Empire State Building
NYC Weather Forecast
NYC History & Politics
New York City History
Tammany Hall and Politics
New York City Politicians
New York City Personalities
Culture of Gotham City
Culture of the city
City in popular culture
Alan Greenspan (born March 6, 1926) is an American economist and was Chairman of the Board of Governors of the Federal Reserve of the United States from 1987 to 2006. Following his retirement as Fed chairman, he accepted an honorary (unpaid) position at HM Treasury in the United Kingdom.
First appointed Fed chairman by President Ronald Reagan in August 1987, he was reappointed at successive four-year intervals until retiring on January 31, 2006, at which time he relinquished the chairmanship to Ben Bernanke. Greenspan was lauded for his handling of the Black Monday stock market crash that occurred very shortly after he first became chairman, as well as for his stewardship of the Internet-driven, "dot-com" economic boom of the 1990s. However, this expansion culminated in a stock market bubble burst in March 2000 followed by a recession beginning in late 2000 and continuing through 2002.
From 2001 until his retirement, he was increasingly criticized for some statements seen as overstepping the Fed's traditional purview of monetary policy, and viewed by others as overly supportive of the policies of President George W. Bush, as well as for policies seen as leading to a housing bubble. Greenspan was nonetheless still generally considered during that time to be the leading authority on American domestic economic and monetary policy, and his active influence continues to this day.
Greenspan was born to a Jewish family in Washington Heights, New York City, New York. He studied clarinet at Juilliard from 1943 to 1944 and is known as an accomplished saxophone player . He then attended New York University (NYU), and received a B.S. in Economics (summa cum laude) in 1948, and an M.A in Economics in 1950. After NYU, Greenspan attended Columbia University, intending to pursue advanced economic studies, but subsequently dropped out. Much later, in 1977, NYU also awarded him a Ph.D. in Economics. He did not complete a dissertation, normally required for that degree. On December 14, 2005 he was awarded an honorary Doctor of Commercial Science from NYU, his fourth degree from that institution.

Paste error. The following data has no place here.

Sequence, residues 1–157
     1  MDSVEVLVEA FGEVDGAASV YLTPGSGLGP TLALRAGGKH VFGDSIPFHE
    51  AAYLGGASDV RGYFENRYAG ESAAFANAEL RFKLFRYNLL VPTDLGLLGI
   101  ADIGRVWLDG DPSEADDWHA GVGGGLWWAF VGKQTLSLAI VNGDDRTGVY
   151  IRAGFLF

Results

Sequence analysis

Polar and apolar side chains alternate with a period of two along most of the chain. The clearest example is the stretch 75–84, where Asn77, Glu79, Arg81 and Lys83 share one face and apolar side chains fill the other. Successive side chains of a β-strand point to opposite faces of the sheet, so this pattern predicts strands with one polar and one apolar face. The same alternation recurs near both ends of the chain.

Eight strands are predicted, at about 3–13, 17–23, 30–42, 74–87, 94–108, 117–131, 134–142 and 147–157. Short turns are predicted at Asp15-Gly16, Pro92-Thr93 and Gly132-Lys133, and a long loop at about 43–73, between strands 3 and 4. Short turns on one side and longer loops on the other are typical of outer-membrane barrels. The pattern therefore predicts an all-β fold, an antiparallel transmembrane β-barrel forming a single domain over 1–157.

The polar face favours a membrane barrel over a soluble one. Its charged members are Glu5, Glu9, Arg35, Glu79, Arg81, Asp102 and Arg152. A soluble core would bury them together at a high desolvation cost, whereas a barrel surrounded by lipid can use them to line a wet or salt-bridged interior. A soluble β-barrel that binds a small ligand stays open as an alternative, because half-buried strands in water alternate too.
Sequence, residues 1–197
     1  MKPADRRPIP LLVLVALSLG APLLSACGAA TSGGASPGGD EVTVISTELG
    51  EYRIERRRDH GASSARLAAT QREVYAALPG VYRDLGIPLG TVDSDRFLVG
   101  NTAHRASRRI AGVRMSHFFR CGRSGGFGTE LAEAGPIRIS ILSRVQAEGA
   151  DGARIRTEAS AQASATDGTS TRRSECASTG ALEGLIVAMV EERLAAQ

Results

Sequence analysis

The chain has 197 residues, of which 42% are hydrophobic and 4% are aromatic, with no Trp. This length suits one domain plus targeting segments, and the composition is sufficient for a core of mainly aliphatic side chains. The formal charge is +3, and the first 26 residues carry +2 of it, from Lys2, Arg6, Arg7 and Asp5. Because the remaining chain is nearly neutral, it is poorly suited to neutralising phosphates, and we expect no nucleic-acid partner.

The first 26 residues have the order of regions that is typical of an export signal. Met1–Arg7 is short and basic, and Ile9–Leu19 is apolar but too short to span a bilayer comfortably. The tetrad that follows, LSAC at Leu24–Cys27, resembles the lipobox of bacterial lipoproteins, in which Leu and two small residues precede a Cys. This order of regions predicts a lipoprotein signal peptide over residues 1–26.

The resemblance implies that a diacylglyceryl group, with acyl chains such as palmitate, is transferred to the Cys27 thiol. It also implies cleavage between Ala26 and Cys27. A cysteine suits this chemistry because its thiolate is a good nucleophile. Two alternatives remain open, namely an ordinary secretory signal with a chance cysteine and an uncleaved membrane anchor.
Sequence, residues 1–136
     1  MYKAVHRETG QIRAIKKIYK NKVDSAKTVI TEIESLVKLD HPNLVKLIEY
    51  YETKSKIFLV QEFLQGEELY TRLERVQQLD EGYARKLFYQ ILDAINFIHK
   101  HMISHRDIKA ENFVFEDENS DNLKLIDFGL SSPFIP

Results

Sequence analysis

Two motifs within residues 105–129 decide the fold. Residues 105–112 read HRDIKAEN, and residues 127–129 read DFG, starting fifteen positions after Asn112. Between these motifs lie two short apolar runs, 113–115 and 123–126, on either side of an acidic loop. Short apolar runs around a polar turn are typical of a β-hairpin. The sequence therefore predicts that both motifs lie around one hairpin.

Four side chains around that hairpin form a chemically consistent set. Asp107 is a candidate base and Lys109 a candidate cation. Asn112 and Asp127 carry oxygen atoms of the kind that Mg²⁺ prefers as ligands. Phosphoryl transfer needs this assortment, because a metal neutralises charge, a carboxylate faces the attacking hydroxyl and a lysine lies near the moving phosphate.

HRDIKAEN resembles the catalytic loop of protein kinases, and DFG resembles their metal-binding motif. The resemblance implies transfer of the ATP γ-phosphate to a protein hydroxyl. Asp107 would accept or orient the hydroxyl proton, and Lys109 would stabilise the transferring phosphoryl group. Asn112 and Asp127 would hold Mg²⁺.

Starting in 1950, Greenspan began a 20-year association with famed novelist and philosopher Ayn Rand. He wrote for Rand's newsletters and authored several essays in her book Capitalism: The Unknown Ideal.
Greenspan has been married to NBC journalist Andrea Mitchell since 1997.
From 1948 to 1953, Greenspan worked as an economic analyst at The Conference Board, a business and industry oriented think-tank in New York City. From 1955 to 1987, Greenspan was Chairman and President of Townsend-Greenspan & Co., Inc., an economic consulting firm in New York City, a 33-year stint interrupted only from 1974 to 1977 by his service as Chairman of the Council of Economic Advisers under President Gerald Ford. In the summer of 1968, Greenspan agreed to serve Richard Nixon as his coordinator on domestic policy in the nomination campaign. Greenspan also has served as a corporate director for Aluminum Company of America (Alcoa); Automatic Data Processing, Inc.; Capital Cities/ABC, Inc.; General Foods, Inc.; J.P. Morgan & Co., Inc.; Morgan Guaranty Trust Company of New York; Mobil Corporation; and The Pittston Company.
New York City Search